According to new statistics released by HM Revenue and Custom (HMRC) today, up to £3.5bn in Coronavirus Job Retention Scheme payments may have been claimed fraudulently or paid to claimants in error.
Initially, the furlough scheme paid 80% of the wages of employees placed on leave since March, up to a maximum of £2,500 a month.
The government have, however, announced major changes to the furlough scheme, as they will now only pay 70% of wages up to a cap of £2,190 a month.
Employers are already paying employees’ pension contributions and National Insurance, but will now have to pay 10% of salaries as well.
In October, the government will pay 60% of wages, up to a cap of £1,875. The employers’ share of the bill will then go up to 20% of wages.
The furlough scheme is due to finish at the end of October and Chancellor Rishi Sunak has had to repeatedly rule out an extension to it.
In total, HMRC estimates that 5-10% of the furlough schemes has been wrongly awarded since it was introduced earlier this year. To date, more than £36bn has been given by the government to fund the programme – with the end total set to be up to £80bn.
HMRC’s Permanent Secretary Jim Harra said: “We have made an assumption for the purposes of our planning that the error and fraud rate in this scheme could be between 5% and 10%. That will range from deliberate fraud through to error.
“What we have said in our risk assessment is we are not going to set out to try to find employers who have made legitimate mistakes in compiling their claims, because this is obviously something new that everybody had to get to grips with in a very difficult time.
“Although we will expect employers to check their claims and repay any excess amount, what we will be focusing on is tackling abuse and fraud.”
3.5 billion could just be the tip of the iceberg
The ‘missing’ £3.5bn pounds that HMRC has estimated has been fraudulently claimed or paid in error may be just the tip of the iceberg, say tax and advisory firm, Blick Rothenberg.
Fiona Fernie, a Disputes Resolution Partner at the firm said: “Some £35bn has been paid out to protect jobs during the pandemic; just how much off this has been erroneously claimed is not yet clear but HMRC say that it could be up to 10%.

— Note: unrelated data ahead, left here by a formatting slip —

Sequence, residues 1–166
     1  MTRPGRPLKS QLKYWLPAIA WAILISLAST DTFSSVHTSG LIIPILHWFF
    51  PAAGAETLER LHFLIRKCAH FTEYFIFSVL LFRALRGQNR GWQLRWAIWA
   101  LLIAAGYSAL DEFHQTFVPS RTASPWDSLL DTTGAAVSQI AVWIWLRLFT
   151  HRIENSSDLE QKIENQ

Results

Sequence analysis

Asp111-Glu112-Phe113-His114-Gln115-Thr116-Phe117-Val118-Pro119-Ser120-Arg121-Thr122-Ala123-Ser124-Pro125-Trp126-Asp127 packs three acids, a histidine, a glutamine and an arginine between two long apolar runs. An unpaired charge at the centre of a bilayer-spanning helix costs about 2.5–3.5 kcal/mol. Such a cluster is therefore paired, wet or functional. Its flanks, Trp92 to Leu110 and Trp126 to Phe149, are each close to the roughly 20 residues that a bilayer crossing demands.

“However, this figure is purely an estimate and has been issued just a couple of weeks after HMRC issued the first 3,000 letters to firms asking them to check the amounts that they had claimed and warning them that they were under investigation.
“With many more businesses already under review with a view to investigation, it remains to be seen whether the estimate is accurate. Only once the investigation programme is fully under way will it be possible to assess whether the problem is greater than currently anticipated.
“HMRC have set up a ‘furlough scheme task force which is looking at the huge amounts that have been wrongly claimed to get as much of the money back into the Chancellors coffers as possible.”
She added: “Just because a firm has not yet received a letter does not mean that they won’t get one shortly and as the furlough scheme comes to an end and people lose their jobs, many disgruntled employees may turn on employers who they know abused the scheme. HMRC is encouraging anyone who feels their employer may have been fraudulently claiming furlough to report it.
“HMRC has already received over 8000 calls on its fraud hotline claiming abuse of the system, but it has also been using its own risk analysis techniques to identify potential abuse, which has identified 27,000 cases where they think there is a risk of serious error.
“The CJRS payments have kept people in employment beyond lockdown but reports suggest that now that it is coming to an end 60% of mid-size businesses are looking to shed staff.”
Fiona concluded: “Now is the time for companies who have over claimed to come clean even if it was in error and get their house in order before that letter drops onto the mat or they get an enquiry email – because at that point they will be ‘under investigation.
“HMRC are primarily intent on tackling those that have used the system fraudulently from the outset, but Jim Harra (HMRC’s permanent secretary) has made it clear that although they won’t be pursuing erroneous claims at present due to the circumstances, HMRC expects employers to check their own claims and repay any excess amount.
“This begs the question whether those that don’t bother to make the checks or those that do make them but “forget” to make the appropriate repayment of the excess, effectively become fraudulent users of the scheme rather than just claimants who have made a mistake, which would then place them squarely in the firing line for an HMRC investigation.”